Research News | Veterinary Clinical Medicine

New Antifungal Molecule Kills Fungi Without Toxicity in Human Cells, Mice

Martin Burke, Timothy Fan, Arun Maji

A new antifungal molecule, devised by tweaking the structure of prominent antifungal drug Amphotericin B, has the potential to harness the drug’s power against fungal infections while doing away with its toxicity, researchers at the University of Illinois Urbana-Champaign and collaborators at the University of Wisconsin-Madison report in the journal Nature.

Amphotericin B, a naturally occurring small molecule produced by bacteria, is a drug used as a last resort to treat fungal infections. While AmB excels at killing fungi, it is reserved as a last line of defense because it also is toxic to the human patient – particularly the kidneys.

“Fungal infections are a public health crisis that is only getting worse. And they have the potential, unfortunately, of breaking out and having an exponential impact, kind of like COVID-19 did. So let’s take one of the powerful tools that nature developed to combat fungi and turn it into a powerful ally,” said research leader Dr. Martin D. Burke, an Illinois professor of chemistry, a professor in the Carle Illinois College of Medicine and also a medical doctor.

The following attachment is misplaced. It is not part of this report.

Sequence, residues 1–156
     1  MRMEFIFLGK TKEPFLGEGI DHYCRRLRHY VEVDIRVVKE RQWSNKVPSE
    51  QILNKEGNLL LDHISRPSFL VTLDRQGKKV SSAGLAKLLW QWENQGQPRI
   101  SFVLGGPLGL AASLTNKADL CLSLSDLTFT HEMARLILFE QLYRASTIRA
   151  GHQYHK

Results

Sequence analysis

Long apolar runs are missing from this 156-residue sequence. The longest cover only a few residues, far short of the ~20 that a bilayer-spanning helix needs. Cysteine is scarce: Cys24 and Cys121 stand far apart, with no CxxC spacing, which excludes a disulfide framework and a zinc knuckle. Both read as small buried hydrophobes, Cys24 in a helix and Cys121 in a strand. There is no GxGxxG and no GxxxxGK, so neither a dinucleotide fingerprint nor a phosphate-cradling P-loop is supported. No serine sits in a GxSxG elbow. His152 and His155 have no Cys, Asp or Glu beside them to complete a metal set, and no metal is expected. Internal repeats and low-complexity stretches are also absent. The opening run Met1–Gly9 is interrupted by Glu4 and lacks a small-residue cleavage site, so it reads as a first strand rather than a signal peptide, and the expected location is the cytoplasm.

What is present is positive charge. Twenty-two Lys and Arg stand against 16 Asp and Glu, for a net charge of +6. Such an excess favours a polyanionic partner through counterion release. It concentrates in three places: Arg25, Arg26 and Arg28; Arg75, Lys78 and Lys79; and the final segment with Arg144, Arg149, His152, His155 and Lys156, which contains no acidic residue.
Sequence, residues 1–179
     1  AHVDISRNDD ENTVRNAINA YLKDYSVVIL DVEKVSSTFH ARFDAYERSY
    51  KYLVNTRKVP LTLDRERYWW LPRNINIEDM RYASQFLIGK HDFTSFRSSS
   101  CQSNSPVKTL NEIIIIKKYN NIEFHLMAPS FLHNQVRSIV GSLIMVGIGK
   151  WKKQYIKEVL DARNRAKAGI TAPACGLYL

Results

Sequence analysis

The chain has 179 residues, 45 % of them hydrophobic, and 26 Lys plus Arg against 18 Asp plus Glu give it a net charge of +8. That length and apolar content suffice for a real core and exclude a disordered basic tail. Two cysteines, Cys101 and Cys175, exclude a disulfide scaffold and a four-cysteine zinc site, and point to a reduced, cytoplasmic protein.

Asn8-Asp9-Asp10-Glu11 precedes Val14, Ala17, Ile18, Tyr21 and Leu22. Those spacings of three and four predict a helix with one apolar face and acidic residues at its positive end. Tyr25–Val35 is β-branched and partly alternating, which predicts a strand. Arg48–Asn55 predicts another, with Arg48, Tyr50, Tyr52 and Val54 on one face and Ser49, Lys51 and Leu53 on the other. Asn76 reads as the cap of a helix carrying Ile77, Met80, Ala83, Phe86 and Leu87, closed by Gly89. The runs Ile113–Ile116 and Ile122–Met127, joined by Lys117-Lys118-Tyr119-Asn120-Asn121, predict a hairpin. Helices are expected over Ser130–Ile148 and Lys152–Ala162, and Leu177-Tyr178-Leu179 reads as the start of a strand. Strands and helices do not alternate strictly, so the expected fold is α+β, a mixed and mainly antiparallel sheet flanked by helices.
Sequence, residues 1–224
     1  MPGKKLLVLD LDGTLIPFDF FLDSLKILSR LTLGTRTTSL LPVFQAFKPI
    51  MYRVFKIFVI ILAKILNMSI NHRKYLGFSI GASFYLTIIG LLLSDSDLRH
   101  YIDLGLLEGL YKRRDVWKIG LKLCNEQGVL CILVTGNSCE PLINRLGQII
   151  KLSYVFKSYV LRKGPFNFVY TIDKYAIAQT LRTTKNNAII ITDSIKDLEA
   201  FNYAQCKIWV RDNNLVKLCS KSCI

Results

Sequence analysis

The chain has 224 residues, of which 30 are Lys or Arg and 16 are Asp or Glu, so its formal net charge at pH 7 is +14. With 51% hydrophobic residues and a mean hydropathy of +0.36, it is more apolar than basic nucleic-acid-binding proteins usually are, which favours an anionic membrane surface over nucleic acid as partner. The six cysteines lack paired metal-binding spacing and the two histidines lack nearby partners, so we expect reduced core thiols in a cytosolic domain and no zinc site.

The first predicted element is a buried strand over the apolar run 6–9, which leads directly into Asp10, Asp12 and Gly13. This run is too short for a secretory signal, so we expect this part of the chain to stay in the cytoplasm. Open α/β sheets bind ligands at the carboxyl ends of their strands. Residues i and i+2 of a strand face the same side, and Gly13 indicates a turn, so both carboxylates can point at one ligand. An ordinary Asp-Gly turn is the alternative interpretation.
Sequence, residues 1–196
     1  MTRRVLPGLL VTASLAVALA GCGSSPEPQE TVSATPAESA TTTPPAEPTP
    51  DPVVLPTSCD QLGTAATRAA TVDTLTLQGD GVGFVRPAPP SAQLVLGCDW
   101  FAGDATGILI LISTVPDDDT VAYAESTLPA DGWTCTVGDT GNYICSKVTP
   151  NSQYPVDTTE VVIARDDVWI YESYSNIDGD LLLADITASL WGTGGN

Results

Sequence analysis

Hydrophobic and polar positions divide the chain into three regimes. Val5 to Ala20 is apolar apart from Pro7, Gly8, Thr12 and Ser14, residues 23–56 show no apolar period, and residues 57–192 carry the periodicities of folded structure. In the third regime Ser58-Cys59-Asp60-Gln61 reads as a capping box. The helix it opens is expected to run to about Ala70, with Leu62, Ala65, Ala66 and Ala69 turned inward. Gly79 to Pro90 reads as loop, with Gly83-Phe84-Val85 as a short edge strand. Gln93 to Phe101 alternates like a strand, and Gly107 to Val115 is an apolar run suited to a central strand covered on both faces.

“This work is a demonstration that, by going deep into the fundamental science, you can take a billion-year head start from nature and turn it into something that hopefully is going to have a big impact on human health,” Burke said.

‘Going Deep’: Uncovering the Mechanism of AmB

Burke’s group has spent years exploring AmB in hopes of making a derivative that can kill fungi without harm to humans. In previous studies, they developed and leveraged a building block-based approach to molecular synthesis and teamed up with a group specializing in molecular imaging tools called solid-state nuclear magnetic resonance, led by professor Chad Rienstra at the University of Wisconsin-Madison. Together, the teams uncovered the mechanism of the drug: AmB kills fungi by acting like a sponge to extract ergosterol from fungal cells.

The mechanism for a critical but highly toxic antifungal is revealed in high resolution. Self-assembled Amphotericin B sponges (depicted in light blue) rapidly extract sterols (depicted in orange and white) from cells. This atomic level understanding yielded a novel kidney-sparing antifungal molecule. Image by Jose Vazquez

In the new work, Burke’s group worked again with Rienstra’s group to find that AmB similarly kills human kidney cells by extracting cholesterol, the most common sterol in people. The researchers also resolved the atomic-level structure of AmB sponges when bound to both ergosterol and to cholesterol.